|What Works |
Each edition of this newsletter contains a section I call "What Works."
Most editions include sections from one of two longer articles I'm writing. Why Organizations Thrive and Why Organizations Go Off Course detail lessons I learned while growing the Oregon League of Conservation Voters (OLCV), buttressed by my observations of dozens of other groups both in Oregon and across the country.
Collectively, I believe these lessons are a very useful set of principles that any Executive Director can use to improve their organization's capacity to fulfill its mission.
This edition takes a detour and instead reviews a book I recently read, Great by Choice, by Jim Collins.
I previously reviewed Jim Collins' monograph, Good to Great and the Social Sectors.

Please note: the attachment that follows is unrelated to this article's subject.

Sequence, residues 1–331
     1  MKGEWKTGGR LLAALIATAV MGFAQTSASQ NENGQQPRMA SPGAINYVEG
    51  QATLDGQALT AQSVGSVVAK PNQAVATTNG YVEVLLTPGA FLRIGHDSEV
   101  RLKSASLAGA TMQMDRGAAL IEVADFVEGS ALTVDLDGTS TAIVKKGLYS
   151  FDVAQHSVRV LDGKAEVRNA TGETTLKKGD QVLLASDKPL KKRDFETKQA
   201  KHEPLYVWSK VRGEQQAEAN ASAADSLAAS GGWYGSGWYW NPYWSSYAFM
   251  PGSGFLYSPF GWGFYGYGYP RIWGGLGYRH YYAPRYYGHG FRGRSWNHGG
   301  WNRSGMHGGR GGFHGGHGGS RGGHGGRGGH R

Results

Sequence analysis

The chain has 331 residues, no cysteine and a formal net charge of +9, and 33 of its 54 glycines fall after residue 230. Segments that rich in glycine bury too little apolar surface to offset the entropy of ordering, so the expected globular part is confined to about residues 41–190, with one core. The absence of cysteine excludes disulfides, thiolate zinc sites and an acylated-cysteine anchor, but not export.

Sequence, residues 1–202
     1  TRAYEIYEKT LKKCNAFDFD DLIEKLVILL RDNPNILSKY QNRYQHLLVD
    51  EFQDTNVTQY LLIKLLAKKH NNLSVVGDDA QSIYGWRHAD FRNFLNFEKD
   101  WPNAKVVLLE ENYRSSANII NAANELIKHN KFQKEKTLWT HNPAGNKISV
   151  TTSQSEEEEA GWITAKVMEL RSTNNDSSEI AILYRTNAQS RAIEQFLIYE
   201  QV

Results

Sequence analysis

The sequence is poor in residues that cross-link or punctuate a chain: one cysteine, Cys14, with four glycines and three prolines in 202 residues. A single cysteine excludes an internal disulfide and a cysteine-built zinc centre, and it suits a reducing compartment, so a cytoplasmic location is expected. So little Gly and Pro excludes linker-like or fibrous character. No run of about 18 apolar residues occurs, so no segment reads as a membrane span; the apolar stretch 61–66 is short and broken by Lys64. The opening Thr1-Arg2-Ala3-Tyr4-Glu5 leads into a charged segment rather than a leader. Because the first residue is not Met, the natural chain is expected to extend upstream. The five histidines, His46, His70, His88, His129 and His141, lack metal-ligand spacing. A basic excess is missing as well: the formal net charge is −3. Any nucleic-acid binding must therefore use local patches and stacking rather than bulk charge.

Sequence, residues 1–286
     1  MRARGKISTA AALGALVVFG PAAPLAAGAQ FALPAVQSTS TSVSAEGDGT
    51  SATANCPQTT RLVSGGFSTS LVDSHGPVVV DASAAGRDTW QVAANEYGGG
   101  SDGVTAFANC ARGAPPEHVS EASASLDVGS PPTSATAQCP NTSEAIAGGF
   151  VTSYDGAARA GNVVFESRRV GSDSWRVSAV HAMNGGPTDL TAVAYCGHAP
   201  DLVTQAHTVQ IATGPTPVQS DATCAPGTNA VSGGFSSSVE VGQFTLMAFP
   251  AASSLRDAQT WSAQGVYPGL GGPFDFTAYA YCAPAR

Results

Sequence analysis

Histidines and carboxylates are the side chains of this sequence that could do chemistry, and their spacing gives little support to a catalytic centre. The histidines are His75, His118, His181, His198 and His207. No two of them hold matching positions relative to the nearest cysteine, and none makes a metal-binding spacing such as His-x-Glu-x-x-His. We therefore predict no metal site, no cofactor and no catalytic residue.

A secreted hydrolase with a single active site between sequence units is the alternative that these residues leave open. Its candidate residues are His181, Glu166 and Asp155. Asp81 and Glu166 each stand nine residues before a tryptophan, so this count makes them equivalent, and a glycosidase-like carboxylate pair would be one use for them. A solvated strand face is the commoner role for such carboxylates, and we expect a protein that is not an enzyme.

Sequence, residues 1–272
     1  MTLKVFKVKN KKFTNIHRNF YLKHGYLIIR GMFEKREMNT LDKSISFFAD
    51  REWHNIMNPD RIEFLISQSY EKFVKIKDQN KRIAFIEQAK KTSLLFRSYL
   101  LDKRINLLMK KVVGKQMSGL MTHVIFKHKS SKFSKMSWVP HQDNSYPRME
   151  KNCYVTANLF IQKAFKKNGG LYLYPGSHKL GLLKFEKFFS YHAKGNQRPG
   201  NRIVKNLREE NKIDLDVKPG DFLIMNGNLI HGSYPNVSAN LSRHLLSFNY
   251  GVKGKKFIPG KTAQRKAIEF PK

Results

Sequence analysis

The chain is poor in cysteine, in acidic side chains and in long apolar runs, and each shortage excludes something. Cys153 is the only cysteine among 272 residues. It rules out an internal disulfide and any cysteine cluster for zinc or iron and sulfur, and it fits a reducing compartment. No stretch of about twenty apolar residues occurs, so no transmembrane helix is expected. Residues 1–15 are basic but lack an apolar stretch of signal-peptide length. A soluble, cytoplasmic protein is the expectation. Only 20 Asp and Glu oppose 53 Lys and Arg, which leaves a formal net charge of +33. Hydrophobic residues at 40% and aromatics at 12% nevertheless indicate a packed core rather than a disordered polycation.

In Good to Great, Collins wrote a seminal text on what separated some corporations that became great from others that remained just good or mediocre in similar industries. In Good to Great and the Social Sectors, he extrapolated on how the lessons learned apply to nonprofit organizations.
In Great by Choice, Collins and his research team subsequently address a follow-up question: why do some organizations thrive amidst chaos. Does luck differentiate them from others that fail?
While the book is based on a study of for-profit businesses that thrive/flounder under comparable circumstances, once again Collins delivers lessons that apply to all organizations, not just those motivated by profit.
Running throughout the book, Collins delivers a series of lessons based on the 1911 race to reach the South Pole between teams led by Ronald Amundsen and Robert F. Scott. Amundsen's team reached the South Pole and returned without any deaths. Scott's entire team perished.
Read the full review.
Download the PDF from my website.